A New Way To Think About New Year’s Resolutions

By Dawn Kaiser
The Village Business Institute 

Editor’s note: This article was originally published in January 2012.

It’s that time of year again, when we sit down and start developing our New Year’s resolutions. Oh what joy! For many of us New Year’s resolutions have a bad rap. We start off overly-ambitious, but then on January 2, we experience a post-holiday letdown which gives us an excuse to throw in the towel. This year, I challenge you to think about New Year’s resolutions in a different way, with different expectations, in order to start taking control of your life and resolutions.

#1: Set Goals vs. Resolutions
In year’s past I adopted resolutions with a wonderful sense of positive intent, but most of them rarely made it across the finish line in December. So instead of resolutions such as “I will go to the gym more often,” I began making annual goals like “In the next 90 days I will go to the gym and workout for 30 minutes, three times per week.” Resolutions are definitely a means to a goal, but goals imply not just intent but a certain amount of effort or action to achieve it. Many people use the SMART method for setting goals, which I think is a great way to create achievable goals.

Specific = Goals should be specific and emphasize what you want to happen and are willing to do.

Measurable = Establish criteria that will help you measure your progress toward the attainment of each goal. You can also use online tools such as 43things, StickK or Joe’s Goals to help you track your progress of your annual goals.

Accountable = Tell others about your goals or find a person who is working towards the same goal and partner up.

Realistic = The goal needs to be do-able and yet challenging enough for a satisfying achievement.

Timely= Set a time frame and put an end point on your goals to give you a clear target to work towards. You can also set mini-milestones to help you feel successful early on. Break your big goal into weekly or monthly goals.

Also make sure your goal is something you want to do, because then you are more likely to succeed at reaching it.

#2: Think of What You’d Like to Add to Your Life Instead of What You’d Like to Take Away
People who take something away from their lives rather than adding something good, may subconsciously feel more deprived and therefore struggle to achieve their goals. Plus, it’s usually easier to add a behavior than to stop one, so this New Year’s think about what you want to add to your life instead of what you’d like to take away. For example, instead of making the goal of “eat less unhealthy food,” why not focus on trying to “eat more healthy food.” Here are some questions to use as a springboard to help get you thinking about what you might like to add to your life in 2012.

  • What healthy character trait would you like to see developed in your life this year and what are some specific steps you can take to develop it?
  • What is something you would like to learn about this year?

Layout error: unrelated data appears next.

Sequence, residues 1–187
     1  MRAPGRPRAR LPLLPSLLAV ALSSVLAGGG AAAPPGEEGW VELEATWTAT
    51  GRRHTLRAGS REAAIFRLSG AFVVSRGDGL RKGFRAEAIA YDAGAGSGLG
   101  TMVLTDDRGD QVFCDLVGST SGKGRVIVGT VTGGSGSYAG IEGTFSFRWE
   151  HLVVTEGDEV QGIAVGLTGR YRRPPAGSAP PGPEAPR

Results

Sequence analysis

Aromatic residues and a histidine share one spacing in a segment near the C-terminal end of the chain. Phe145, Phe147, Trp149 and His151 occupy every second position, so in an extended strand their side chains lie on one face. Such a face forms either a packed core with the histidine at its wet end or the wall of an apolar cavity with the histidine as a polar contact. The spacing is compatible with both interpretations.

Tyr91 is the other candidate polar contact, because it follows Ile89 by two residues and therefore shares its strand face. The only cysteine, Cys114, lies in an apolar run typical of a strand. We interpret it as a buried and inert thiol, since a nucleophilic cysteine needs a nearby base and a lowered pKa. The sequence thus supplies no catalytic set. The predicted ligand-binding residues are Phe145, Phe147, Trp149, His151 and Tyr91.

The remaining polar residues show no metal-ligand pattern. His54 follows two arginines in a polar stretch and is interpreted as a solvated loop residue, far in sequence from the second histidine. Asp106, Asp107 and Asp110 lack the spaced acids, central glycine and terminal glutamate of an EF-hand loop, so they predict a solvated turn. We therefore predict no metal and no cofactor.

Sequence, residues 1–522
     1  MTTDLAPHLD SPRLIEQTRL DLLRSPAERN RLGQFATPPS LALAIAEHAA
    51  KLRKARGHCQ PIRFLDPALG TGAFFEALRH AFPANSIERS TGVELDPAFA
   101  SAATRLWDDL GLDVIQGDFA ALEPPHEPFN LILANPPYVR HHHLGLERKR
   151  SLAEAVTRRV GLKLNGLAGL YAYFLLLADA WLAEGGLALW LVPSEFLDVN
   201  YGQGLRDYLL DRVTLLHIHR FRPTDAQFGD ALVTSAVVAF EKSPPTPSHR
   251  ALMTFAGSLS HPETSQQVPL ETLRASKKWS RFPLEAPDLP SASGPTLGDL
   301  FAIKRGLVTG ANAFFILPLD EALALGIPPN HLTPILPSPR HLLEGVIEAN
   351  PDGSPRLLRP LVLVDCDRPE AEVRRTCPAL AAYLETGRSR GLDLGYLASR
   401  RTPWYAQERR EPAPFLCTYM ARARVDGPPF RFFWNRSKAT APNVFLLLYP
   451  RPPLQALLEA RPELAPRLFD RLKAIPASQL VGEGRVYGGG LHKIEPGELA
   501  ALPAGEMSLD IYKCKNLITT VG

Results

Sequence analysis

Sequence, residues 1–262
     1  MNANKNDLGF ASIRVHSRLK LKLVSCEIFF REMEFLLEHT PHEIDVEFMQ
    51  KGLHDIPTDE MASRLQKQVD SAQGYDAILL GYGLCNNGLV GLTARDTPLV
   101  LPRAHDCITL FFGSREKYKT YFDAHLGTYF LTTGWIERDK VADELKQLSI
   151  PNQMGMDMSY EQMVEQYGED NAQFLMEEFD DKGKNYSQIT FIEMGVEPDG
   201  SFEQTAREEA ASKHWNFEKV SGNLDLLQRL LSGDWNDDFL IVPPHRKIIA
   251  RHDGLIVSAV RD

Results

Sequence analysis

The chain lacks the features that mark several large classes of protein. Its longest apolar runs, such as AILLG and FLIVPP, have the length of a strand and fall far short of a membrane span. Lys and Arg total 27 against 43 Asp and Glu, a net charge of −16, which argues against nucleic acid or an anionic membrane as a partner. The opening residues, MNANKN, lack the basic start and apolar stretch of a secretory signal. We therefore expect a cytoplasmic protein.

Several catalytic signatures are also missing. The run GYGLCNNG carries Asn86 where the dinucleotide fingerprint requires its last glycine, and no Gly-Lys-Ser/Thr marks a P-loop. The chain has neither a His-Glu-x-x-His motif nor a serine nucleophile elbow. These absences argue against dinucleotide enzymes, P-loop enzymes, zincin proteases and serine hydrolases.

• What is one area of progress you’d like to see this year for maintaining or improving your physical health?
  • If married or in a relationship, what are some things you can do as a couple to strengthen your marriage or relationship?
  • What are some of your long-term financial goals and in what ways can you make progress on them this year?
  • What are some ways you can be of service to your community?
  • Who would you like to be and what steps can you take to become that person?

#3: Pursue One Goal at a Time
Begin by writing down all the things you’d like to consider for your 2012 New Year’s goals—and then prioritize them. Pick the most important goal and focus on it until you feel you have had some success. You don’t have to pursue all of your goals at the very beginning of the year. Spread them out, so it’s not so overwhelming and you can obtain greater focus.

#4: Keep Going
Let’s be honest—achieving goals can be challenging and you need to be prepared for setbacks. The best way to deal with setbacks is to keep your focus and stay centered. Constantly remind yourself what your goals are and why you want to achieve them. Don’t just look at your goals once in a great while, keep them in mind every day if possible.

In the past, it has been helpful to me to select a word of the year–a word I can say to myself to help carry me through. Examples include “Hope” or “Generosity.” I am still formulating my list of goals for 2012, but I have decided the word that will motivate me throughout the year is “Journey.”

What about you? What are your goals (or resolutions) for 2012? What is your motivating word for the year? What strategies will you use to take control of your life and make your resolutions stick?


VBI corporate trainer Dawn Kaiser

Author Bio
As an Employee Assistance Program (EAP) Trainer with The Village Business Institute, Dawn Kaiser lives her passion–to energize, encourage and equip others to live their strongest lives now. She is a motivational speaker, writer, teacher, and positive-thinker extraordinaire. She draws on more than 12 years of experience in the Human Resource/Organizational Development field, a Bachelors of Business Administration from the University of MN Duluth and a Masters of Education from the University of Illinois, Urbana-Champaign. She is also a certified HR Professional and a life-long learner.

Dawn is available to speak nationwide. For more info, visit Dawn’s website.

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